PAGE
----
From 1998 to 2000, staff at the American Bar Association Commission on Legal Problems of the Elderly surveyed managed care plans on their current practices for resolving enrollee-plan disputes. The project emphasized disputes involving older people and recommended workable options for improving dispute resolution.
Findings from a published report, Understanding Health Plan Dispute Resolution Practices, include:
- Many health plans have developed fair and effective practices in customer service, grievances and appeals.
- Compliance with multiple regulatory requirements is the primary challenge health plans face in implementing dispute resolution systems.
- The most common appeals, in order of frequency, are for:
- Emergency room coverage.
- Pharmacy issues.
- Coverage for referrals that have not been authorized.
- Out-of-network coverage.
- Contractual interpretation of benefit coverage.
- Benefits excluded by contract but needed by the member.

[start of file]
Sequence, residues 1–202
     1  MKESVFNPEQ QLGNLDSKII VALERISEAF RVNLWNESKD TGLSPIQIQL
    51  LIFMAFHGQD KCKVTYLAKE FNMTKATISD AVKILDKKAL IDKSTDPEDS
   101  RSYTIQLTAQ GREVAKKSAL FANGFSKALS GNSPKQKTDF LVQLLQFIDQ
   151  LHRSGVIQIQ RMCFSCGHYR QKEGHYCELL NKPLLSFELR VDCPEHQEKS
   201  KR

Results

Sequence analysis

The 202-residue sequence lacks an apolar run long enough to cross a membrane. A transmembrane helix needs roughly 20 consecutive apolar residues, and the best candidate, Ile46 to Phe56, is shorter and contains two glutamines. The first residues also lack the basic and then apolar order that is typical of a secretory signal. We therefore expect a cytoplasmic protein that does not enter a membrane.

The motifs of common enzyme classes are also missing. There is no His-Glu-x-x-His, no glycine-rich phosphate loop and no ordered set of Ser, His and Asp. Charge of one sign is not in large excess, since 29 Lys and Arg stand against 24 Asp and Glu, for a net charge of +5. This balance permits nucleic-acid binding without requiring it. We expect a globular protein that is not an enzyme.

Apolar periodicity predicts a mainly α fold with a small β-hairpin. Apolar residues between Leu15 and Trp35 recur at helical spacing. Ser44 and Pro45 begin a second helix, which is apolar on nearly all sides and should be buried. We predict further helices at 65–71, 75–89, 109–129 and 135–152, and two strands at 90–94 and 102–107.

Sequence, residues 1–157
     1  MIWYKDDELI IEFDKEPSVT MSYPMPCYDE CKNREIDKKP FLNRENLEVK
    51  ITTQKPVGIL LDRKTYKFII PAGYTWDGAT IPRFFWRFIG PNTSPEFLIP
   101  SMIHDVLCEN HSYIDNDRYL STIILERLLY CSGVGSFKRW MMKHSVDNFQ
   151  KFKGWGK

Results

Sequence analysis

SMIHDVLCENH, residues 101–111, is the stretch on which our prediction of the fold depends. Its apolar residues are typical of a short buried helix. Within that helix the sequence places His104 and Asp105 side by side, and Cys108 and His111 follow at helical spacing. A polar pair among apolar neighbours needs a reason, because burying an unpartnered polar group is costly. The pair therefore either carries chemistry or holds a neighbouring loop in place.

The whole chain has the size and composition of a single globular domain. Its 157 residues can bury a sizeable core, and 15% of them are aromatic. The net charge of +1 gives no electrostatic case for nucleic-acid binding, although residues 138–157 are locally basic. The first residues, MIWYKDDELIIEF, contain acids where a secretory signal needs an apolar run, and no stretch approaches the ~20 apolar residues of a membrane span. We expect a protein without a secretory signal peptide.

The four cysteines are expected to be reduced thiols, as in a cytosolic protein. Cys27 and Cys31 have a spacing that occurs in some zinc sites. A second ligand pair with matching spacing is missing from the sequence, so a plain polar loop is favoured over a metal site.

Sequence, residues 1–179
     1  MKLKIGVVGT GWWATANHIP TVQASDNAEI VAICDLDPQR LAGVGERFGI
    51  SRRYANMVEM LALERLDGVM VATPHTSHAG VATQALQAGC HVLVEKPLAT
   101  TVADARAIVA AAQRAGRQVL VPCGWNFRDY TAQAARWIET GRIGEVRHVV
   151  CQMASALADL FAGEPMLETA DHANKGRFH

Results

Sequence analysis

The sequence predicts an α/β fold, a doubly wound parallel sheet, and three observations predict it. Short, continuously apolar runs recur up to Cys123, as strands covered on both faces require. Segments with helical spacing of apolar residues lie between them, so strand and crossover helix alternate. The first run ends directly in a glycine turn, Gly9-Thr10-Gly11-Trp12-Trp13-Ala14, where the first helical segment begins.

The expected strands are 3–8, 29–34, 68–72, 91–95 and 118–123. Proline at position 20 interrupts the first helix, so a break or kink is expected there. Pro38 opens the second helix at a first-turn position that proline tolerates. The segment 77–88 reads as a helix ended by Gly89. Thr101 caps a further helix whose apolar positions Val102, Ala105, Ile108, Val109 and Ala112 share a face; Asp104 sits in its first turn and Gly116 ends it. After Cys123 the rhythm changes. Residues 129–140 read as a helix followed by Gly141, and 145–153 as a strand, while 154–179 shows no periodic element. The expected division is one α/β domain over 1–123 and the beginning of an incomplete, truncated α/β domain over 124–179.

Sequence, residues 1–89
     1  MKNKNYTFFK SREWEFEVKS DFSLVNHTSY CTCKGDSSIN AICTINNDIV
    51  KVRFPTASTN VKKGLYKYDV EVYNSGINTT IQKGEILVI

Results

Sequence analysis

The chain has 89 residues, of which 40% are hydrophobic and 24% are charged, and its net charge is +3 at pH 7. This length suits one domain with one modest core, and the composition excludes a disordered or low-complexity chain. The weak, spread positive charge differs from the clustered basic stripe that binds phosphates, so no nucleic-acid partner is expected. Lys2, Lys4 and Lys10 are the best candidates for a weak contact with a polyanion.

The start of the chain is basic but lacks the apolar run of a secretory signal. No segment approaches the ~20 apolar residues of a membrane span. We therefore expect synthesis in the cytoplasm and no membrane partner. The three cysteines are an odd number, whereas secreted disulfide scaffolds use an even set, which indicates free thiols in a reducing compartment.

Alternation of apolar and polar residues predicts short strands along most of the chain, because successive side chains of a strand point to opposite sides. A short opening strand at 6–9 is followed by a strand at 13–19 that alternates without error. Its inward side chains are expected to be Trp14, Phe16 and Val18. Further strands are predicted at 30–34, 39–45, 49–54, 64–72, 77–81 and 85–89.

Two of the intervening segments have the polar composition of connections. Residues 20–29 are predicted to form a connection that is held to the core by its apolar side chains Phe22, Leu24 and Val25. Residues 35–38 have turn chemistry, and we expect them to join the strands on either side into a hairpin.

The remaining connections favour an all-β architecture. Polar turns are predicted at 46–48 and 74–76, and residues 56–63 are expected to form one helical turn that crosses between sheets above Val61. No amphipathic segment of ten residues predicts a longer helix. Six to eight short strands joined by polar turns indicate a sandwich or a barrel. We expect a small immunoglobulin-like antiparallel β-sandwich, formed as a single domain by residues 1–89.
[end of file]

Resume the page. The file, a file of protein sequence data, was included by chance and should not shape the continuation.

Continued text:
- Billing problems.
- Coverage for durable medical equipment.
- There is no uniform set of guidelines or agreed-upon standards for making "medical necessity" determinations.
- Plans do not consistently give timely written notice of their initial decision to deny services or payment, or their decision to reduce or terminate services.
- When members appeal, health plans overturn their initial decisions in a substantial number of cases.
- Many Medicare enrollees have difficulty understanding and participating in the appeals process.
The Robert Wood Johnson Foundation (RWJF) supported this project through a grant of $329,186.